Henry Rowe Schoolcraft is the authority on the Ozark landscape in the early nineteenth century. How good of an authority is he?

First, the background: Schoolcraft, along with an otherwise anonymous companion, traveled from Potosi to the White River Country and back in the winter of 1818-1819, and published a book (Journal of a Tour into the Interior of Missouri and Arkansas in 1818 and 1819). Schoolcraft went on to a notable career as an explorer and chronicler of Native American culture, so I assume that the authority of Journal of a Tour rests as much on his later career as it does on the book's own merits (see his Wikipedia page for more information).

The book has a few characteristics that lead me to question the authority of his book. First, he spends a fair amount of time explaining how unprepared--both in equipment and in knowledge--he and his companions are. The suffer so from "want of experience" that at one point, a hunter's wife points out the deficiencies of their equipment.

This, I think, is a case of protesting too much: Schoolcraft and his companion get from Potosi to the headwaters of the Current River in seven days time, which seems pretty quick. And they seem to stay reasonably warm and fed, except for a couple of brief stretches, which is an accomplishment, given he and his companion have only such gear as they can fit on one packhorse. In other words, his pose as a tenderfoot is more than a little contrived.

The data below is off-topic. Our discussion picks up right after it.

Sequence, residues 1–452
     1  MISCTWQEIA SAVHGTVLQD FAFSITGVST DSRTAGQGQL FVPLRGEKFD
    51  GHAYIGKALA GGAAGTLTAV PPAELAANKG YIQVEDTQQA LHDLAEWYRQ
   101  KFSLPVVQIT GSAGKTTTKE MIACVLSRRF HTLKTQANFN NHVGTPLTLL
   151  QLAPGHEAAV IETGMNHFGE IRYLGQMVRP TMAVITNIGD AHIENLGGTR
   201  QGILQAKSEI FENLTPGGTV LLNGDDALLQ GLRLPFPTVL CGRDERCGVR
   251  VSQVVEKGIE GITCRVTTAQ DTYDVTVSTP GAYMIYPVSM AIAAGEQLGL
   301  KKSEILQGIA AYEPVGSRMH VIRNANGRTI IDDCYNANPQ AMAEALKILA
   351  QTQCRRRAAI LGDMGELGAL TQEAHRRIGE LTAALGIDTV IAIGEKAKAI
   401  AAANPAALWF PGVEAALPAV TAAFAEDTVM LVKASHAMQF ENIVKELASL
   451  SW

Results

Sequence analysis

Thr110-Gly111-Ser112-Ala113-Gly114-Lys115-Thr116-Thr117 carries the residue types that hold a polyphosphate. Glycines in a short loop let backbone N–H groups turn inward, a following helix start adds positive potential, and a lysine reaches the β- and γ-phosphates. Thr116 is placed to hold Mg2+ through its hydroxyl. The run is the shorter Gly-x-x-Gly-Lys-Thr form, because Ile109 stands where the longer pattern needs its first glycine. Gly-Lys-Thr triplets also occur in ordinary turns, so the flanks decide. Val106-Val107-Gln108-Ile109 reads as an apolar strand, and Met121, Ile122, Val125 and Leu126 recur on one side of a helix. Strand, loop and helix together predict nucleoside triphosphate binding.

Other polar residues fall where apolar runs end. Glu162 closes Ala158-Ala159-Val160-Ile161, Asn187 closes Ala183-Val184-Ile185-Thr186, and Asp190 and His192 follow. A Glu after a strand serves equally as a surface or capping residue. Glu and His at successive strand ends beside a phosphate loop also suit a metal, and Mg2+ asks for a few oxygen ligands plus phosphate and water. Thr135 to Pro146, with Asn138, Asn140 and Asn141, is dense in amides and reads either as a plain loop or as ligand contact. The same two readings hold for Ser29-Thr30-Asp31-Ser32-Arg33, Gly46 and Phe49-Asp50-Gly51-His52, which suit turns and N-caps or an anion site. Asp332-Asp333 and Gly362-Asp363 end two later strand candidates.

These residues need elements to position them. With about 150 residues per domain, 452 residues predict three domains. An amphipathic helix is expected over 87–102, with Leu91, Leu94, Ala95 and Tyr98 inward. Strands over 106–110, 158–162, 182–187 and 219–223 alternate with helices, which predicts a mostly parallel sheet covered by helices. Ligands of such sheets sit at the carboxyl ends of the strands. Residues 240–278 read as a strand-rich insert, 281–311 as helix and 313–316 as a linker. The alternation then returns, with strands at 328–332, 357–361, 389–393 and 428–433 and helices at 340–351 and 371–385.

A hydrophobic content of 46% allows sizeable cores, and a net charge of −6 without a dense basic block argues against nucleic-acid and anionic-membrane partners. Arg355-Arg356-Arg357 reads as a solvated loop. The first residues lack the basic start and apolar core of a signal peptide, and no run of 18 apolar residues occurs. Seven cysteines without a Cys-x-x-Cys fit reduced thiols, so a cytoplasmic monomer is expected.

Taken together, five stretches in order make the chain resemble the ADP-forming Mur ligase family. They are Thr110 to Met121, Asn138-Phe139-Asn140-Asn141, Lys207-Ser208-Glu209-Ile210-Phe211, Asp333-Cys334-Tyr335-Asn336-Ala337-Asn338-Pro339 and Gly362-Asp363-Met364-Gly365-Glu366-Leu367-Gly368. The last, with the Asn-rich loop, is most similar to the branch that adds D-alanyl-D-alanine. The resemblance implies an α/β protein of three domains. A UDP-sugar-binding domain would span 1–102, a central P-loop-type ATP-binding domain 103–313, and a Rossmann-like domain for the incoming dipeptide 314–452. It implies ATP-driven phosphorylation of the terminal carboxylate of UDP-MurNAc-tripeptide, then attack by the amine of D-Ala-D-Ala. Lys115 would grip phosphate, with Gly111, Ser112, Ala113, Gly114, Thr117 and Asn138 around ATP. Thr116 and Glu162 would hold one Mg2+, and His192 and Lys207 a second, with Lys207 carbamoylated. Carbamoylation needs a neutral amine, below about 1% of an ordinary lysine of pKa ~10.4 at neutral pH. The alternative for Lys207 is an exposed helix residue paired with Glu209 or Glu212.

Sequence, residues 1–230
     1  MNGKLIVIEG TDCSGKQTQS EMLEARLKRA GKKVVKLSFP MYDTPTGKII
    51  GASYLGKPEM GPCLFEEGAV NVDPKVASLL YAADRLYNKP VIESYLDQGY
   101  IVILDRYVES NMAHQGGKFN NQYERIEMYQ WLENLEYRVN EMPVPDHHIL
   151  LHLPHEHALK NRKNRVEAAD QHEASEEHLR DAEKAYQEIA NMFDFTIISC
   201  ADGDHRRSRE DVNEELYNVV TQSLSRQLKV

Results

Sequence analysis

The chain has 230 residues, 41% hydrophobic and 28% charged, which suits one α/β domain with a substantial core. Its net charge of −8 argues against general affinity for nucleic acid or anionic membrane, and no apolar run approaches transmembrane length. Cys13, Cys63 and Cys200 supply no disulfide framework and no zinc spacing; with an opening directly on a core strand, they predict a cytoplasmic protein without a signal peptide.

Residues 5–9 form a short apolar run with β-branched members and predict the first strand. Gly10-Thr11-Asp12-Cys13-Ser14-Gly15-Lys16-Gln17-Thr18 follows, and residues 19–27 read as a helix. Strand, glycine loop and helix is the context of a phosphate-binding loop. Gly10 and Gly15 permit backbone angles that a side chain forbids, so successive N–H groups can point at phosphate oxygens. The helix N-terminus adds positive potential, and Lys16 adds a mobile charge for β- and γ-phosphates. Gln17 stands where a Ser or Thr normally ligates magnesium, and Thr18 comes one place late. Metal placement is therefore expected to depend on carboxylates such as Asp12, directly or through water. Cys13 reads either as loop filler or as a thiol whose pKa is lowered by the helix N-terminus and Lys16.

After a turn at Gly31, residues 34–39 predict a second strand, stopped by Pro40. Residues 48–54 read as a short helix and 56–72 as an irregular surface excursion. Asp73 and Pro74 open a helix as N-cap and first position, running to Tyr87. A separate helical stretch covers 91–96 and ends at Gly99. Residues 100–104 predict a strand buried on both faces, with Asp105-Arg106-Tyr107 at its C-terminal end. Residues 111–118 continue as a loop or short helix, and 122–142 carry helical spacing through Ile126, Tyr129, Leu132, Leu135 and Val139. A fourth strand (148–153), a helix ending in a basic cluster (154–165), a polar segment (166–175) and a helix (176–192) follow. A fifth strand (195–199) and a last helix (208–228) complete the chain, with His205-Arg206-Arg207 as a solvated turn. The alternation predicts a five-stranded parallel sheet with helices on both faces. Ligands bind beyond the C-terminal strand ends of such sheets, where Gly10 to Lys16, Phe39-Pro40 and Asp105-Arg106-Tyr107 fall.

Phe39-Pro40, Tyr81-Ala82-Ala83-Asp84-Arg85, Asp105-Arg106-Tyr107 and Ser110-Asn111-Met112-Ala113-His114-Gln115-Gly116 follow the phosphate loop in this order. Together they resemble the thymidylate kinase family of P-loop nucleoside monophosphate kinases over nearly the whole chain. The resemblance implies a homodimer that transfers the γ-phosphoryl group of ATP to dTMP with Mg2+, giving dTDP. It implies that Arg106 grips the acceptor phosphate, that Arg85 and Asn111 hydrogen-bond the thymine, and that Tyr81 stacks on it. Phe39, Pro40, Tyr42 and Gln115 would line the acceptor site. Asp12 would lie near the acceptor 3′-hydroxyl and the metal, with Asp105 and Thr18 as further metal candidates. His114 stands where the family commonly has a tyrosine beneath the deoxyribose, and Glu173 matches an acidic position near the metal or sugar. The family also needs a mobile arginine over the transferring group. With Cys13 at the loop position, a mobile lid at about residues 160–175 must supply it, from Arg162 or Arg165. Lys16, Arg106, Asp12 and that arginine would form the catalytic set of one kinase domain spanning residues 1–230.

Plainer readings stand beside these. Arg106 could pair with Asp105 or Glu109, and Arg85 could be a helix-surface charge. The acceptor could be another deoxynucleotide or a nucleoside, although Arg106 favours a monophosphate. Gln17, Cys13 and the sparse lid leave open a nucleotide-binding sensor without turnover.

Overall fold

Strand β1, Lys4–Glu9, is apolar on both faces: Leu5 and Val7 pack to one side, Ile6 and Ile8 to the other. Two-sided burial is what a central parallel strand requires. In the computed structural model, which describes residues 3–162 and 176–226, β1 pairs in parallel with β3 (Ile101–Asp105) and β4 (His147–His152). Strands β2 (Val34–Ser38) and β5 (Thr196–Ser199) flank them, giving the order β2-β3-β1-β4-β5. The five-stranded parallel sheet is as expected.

Second, his tenderfoot persona means that a lot of the book--most of it, in fact--is given over to the details of traveling, hunting and camping (and mooching off whatever settlers they happen across, and complaining about the settlers, who apparently recognize moochers on sight). The narrative goes like this: they get up, they walk awhile, they shoot a turkey, they cross a river, they camp. If they take a rest day, Schoolcraft does a little philosophizing.

Lastly, he's on the trip for a reason: he's been sent (I think by the Austin family, but I'm not sure) to have a look at the mineral resources of the White River country. He's not on the trip to do focussed natural history. Any description of the landscape he offers is incidental to his other business.

Still, there are moments when he offers a detail--a brief one, perhaps--but one that catch my attention. For example, leaving Potosi, he reports,

A deep blue sky hung above us; the atmosphere was clear and pure, with a with a gentle breeze from the south-west, which, passing through the dried leaves of the trees, scattered them over the valley we had left, and murmured a pensive farewell.

It's the quintessential warm Ozark winter sky, the kind we've enjoy plenty of this (2011-2012) winter.

The Ozarks he describes are a patchwork. Some features (stoney and barren hills, flint ridges, pines along the Gasconade, better timber in the river bottoms) can still be found today. However, other features (prairies and savanas) are no longer to be found.

Based on Schoolcraft's account, we've been told that the lost prairies and savanas are the result of fire suppression in the 20th century, but I wonder if this is so. Some the open places he talks about sound like the high plateau country now in pasture.

There's a big stretch of open pasture just north of Licking, for example. I wonder if it was prairie when Schoolcraft traversed the Ozarks. In other words, I wonder if the lost prairies and savana of the Ozarks are in fact not lost, but instead have been fenced and used as pasture.